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Real over reel

The other side of the Kashmir tragedy
A demonstration by the Association of Parents of Disappeared Persons, Srinagar
A demonstration by the Association of Parents of Disappeared Persons, Srinagar
File picture

Luv Puri   |   Published 05.07.22, 03:37 AM

The commotion that accompanied the release of the film, The Kashmir Files, is a signifier that the past never leaves the present. While being fully sympathetic to the tragic migration from the Valley, the political context that led to the events of 1990 requires an unbiased and nuanced understanding as it has implications for the future, particularly in the context of regional peace and security.

In his first term as chief minister, Farooq Abdullah, had organised an Opposition enclave in 1983. N.T. Rama Rao, the former Andhra Pradesh chief minister, Jyoti Basu, the then West Bengal chief minister, and others participated in it. The then prime minister, Indira Gandhi, took this as a personal affront that was reflected in a high-voltage campaign by her in the 1983 assembly elections. Another point of tension was the Jammu and Kashmir Grant of Permit for Resettlement in (or Permanent Return to) the State Act, 1982, which was passed by the assembly just days before Sheikh Abdullah died to facilitate the return of former J&K residents and their descendants who had migrated to Pakistan between March 1, 1947 and May 14, 1954.

Indira Gandhi called the Act anti-national although it was considered to be a political gimmick. As residents of J&K who had migrated to Pakistan became citizens of Pakistan, they ceased to be citizens of India and could, therefore, be granted citizenship by the Central government only. In the backdrop of religious polarisation, the National Conference won 46 seats whereas the Congress won 26 seats, 24 of them in Hindu-majority assembly segments.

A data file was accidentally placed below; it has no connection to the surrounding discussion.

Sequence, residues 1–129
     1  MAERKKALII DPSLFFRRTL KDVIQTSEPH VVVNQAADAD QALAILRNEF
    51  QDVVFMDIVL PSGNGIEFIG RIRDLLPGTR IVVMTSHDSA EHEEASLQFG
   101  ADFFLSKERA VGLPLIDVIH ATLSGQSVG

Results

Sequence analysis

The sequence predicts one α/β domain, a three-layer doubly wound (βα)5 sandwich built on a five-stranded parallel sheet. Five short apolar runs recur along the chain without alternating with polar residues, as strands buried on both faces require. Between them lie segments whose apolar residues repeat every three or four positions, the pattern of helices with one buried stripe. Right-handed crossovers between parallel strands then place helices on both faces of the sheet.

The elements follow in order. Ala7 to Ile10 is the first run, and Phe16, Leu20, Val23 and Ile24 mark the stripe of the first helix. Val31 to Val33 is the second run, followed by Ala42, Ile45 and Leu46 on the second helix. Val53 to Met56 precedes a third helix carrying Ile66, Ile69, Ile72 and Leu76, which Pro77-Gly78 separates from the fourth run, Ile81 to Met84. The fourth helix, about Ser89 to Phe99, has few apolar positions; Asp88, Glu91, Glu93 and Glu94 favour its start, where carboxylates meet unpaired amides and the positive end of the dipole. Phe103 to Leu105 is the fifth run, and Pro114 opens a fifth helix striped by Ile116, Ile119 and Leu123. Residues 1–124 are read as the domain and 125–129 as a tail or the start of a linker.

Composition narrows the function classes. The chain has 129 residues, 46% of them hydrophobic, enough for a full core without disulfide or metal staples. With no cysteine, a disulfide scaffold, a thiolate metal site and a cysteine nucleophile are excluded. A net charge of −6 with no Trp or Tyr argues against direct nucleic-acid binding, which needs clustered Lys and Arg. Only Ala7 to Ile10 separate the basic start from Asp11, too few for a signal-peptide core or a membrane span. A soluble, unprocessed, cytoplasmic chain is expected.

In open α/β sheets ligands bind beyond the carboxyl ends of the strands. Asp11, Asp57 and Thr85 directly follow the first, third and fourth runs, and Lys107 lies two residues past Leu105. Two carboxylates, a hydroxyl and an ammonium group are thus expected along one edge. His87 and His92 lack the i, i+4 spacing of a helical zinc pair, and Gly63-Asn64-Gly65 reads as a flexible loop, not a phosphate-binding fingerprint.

An obituary of the former J&K governor, B.K. Nehru, who was holding the post at the time, in The New York Times on November 9, 2001 said that Nehru had quarreled with his cousin, the prime minister, Indira Gandhi, over Kashmir. It said, “The quarrel was over Indira Gandhi’s reported demands from B.K. Nehru to facilitate dismissal of duly elected government of Farooq Abdullah. When Mr. Nehru didn’t comply he was sent in 1984 to govern Gujarat.” His replacement was the late Jagmohan Malhotra who had worked with the late Sanjay Gandhi, Indira’s son, during the Emergency in 1975 that resulted in the imprisonment of several Opposition leaders such as the socialist, Jayaprakash Narayan, as well as Jan Sangh stalwarts like A.B. Vajpayee and L.K. Advani.

A few of the NC MLAs were reportedly bribed, allegedly with the blessings of the Congress-ruled Centre, to support Farooq’s brother-in-law, Shah, who rebelled against Farooq within the NC. The Congress with 26 legislators gave outside support to the rebel, Shah, who had 12 legislators to form the government. The next two years of Shah’s tenure were infamously called ‘curfew raj’. After the death of his mother, Rajiv Gandhi made a fresh start with Farooq by signing an accord with him that brought the latter back to power.

The late Balraj Puri had presciently remarked in a newspaper article that the net result of the accord will be that Farooq will go the Surjit Singh Barnala way and Kashmir the Punjab way. His reasoning was that just like what had happened in Punjab a few years ago, the sympathy that Farooq enjoyed after his unceremonious removal on July 2, 1984 had been squandered by him by his capitulation before the Centre.